Social Media and Business Models

This week I have been researching business models and how social media has changed how business models are designed. There is a lot of discussion on how through social media customers can be more involved with company development, R&D, sales, etc.

Customers are commenting on company blogs, posting questions to Facebook, even “checking in” with their cell phones when they are on location. It is far easier for companies to be aware of perceptions and customer experiences. There is almost no excuse these days for not knowing your customer, and what they want. If you provide the outlets, actively update, and analyze customers thoughts, it’s easier to provide what the customer wants.

Social Networking has even changed distribution channels. Books are selling via “re-tweets,” and has brought a new meaning to word of mouth advertising.

There are many benefits to incorporating social media to our business models, but we have to remember how it can hurt businesses, and what policies are there to help prevent or respond to negative PR from the viral nature of customer complaints. What do you do when there are 15 different “I Hate Starbucks” Facebook pages??



Corporate Blogging

As I begin my Digital World adventure, I have been learning about blogging. I read a posting “Build a Biz Blog” by Eli Singer, “Why Blogging is Your #1 Search Tool” by Compendium, which got the ball moving on the concept of businesses blogging.  Prior to this week I have never read a blog. The most experience I had with blogging was watching the movie, Julie and Julia, during which I fell asleep half way through when I was flying to Nairobi. So the concept of businesses having blogs, was absolutely foreign to me.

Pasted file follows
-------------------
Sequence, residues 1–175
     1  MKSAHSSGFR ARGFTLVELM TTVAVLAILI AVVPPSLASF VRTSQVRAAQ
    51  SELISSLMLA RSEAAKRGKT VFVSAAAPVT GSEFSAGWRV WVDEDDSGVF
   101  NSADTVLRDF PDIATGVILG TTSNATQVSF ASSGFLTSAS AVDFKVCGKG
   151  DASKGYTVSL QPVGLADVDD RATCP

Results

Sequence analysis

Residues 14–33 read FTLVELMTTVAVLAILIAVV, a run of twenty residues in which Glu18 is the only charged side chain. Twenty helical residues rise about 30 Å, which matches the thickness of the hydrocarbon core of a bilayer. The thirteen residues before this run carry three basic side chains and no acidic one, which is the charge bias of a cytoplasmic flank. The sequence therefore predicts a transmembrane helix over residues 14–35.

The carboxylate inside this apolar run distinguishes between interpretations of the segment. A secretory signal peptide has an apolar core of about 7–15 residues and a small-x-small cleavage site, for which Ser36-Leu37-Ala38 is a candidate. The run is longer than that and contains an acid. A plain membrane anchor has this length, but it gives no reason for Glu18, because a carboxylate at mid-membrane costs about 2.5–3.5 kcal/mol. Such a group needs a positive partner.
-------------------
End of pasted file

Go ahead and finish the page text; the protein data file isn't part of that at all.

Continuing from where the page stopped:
So I started to Google big companies and the word “blog”. Playstation, Coca-Cola, Nike and BMW just to name a few.

So as I’m poking around and looking at some blogs, I’m starting to really get on board with the whole concept. I’m starting to notice which blogs have lots of comments, and which ones have none. Playstation has upwards of 30 comments on all their postings, they post one or more times per day, where as the official Wii blog posts a few times per week, and has virtually no responses. The “Your Health” blog by CTV has lots of responses and comments and Coca-Cola, Mazda, Global TV, and the Lonely Planet all show little or no comments.

So what deems a blog successful? How do we rate success? Compendium, who has written about this sort of thing, is heavily focused on SEO, and having keyword rich content. Well I often Googled a company name and the word blog, and if I didn’t find anything in the first 3 responses, I moved on, assuming that there wasn’t one. Thus, proving Compendiums point.

The more time I spend working with blogs and analyzing others, I will better answer the above questions. As for now, I think it’s safe to say, a lame blog is better than no blog.


Hello world!

I have never seen my BlackBerry light up quite like it has in the past hour or so. Buzzing, beeping and blinking with constant emails and notifications.

You see previous to this morning I had Facebook, and maybe a couple of email accounts. Well, my fairly relaxed social media/social networking days are gone… at least for the next four months… As a third year marketing student I am required to participate in a course called, “marketing in a digital world,” which is the only reason why this morning I registered with the following: Twitter, Hootsuite, Delicious, Yahoo (Apparently Delicious users must also be Yahoo users,) Google,  Prezi, and now WordPress.

Now, I was already convinced that all these tools would be very beneficial to an active business, but it may take some time for me to not only adjust to the buzzing and flashing, but to see the benefits that this might have for me. Wish me luck in my new technological endeavours!